Sunday Reading RoomDem ol' kosmic blues again
BOOK REVIEW BY CHARLES TAYLOR
March 6, 2005
A BAD WOMAN FEELING GOOD: Blues and the Women Who Sing Them, by Buzzy Jackson. Norton, 319 pp., $25.95.
In "A Bad Woman Feeling Good: Blues and the Women Who Sing Them," Buzzy Jackson fails to give any sense of what the singers she is writing about - Bessie Smith, Billie Holiday, Etta James and Aretha Franklin among them - mean to her. Jackson's less-than-generic theme is that the blues allowed women a way of escaping stultifying racial and gender roles. To this end, Jackson mixes biographical sketches of the artists with the sort of by-the-numbers social history that wouldn't be out of place in an episode of A&E's "Biography":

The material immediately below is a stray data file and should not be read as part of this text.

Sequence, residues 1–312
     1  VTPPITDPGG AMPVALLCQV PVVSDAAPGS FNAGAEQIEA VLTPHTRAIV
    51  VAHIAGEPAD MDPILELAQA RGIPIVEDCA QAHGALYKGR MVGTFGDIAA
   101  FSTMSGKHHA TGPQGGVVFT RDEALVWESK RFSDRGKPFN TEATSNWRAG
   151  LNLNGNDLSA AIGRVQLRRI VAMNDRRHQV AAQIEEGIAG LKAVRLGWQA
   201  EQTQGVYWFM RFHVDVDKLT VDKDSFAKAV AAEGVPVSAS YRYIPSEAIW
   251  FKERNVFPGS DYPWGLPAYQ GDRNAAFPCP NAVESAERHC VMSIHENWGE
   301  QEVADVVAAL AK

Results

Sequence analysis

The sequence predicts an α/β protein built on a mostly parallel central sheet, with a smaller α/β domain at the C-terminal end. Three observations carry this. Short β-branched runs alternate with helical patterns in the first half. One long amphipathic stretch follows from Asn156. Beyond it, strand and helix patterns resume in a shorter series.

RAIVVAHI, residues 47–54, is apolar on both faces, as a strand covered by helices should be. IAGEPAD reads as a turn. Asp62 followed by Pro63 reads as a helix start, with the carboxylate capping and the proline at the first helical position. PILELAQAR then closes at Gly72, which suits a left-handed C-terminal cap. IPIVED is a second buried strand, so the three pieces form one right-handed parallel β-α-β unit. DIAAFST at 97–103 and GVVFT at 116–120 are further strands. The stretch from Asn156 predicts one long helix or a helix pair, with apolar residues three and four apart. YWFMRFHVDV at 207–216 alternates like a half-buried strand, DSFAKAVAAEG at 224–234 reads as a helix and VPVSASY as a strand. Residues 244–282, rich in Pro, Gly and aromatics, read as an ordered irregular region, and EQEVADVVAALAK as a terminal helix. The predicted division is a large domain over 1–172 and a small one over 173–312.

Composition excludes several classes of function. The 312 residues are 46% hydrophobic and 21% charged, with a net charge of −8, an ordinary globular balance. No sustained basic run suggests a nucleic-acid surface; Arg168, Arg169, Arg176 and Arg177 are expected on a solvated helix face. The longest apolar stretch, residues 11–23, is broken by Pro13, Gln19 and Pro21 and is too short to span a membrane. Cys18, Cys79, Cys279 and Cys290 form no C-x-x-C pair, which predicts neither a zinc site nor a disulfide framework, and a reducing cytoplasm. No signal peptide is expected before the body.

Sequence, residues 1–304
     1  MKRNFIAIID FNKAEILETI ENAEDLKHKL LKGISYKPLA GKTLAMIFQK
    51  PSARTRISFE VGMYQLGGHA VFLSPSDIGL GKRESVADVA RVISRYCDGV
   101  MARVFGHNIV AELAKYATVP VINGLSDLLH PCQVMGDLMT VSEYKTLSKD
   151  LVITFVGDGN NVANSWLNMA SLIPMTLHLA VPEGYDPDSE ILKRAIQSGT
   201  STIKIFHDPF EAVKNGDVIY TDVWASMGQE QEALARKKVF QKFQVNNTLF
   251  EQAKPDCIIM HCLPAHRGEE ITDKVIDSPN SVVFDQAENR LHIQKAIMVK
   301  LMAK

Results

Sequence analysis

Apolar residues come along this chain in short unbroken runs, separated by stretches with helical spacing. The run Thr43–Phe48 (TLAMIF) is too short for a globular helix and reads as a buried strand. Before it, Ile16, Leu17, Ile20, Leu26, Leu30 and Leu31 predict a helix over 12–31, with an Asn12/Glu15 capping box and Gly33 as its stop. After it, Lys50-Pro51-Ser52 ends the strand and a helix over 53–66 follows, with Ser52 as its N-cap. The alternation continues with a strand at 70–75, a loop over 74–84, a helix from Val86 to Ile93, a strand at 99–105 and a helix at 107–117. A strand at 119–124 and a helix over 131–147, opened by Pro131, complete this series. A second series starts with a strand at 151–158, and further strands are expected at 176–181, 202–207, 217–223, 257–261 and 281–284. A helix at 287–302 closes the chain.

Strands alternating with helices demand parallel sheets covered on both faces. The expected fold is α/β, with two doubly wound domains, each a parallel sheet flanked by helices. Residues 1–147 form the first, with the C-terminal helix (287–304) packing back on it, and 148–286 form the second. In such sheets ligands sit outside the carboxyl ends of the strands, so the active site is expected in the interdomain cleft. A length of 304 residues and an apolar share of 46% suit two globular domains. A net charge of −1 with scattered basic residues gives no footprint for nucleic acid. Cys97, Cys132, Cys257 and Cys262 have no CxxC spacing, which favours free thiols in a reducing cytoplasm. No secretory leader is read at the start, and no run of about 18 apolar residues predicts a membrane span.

This boilerplate blandness would be forgivable if Jackson had dug into the music of the women for whom she obviously cares, had found a way to make it live on the page. Part of the problem with "A Bad Woman Feeling Good" is that it began life as Jackson's master's thesis, and it still bears the strictures of academic writing.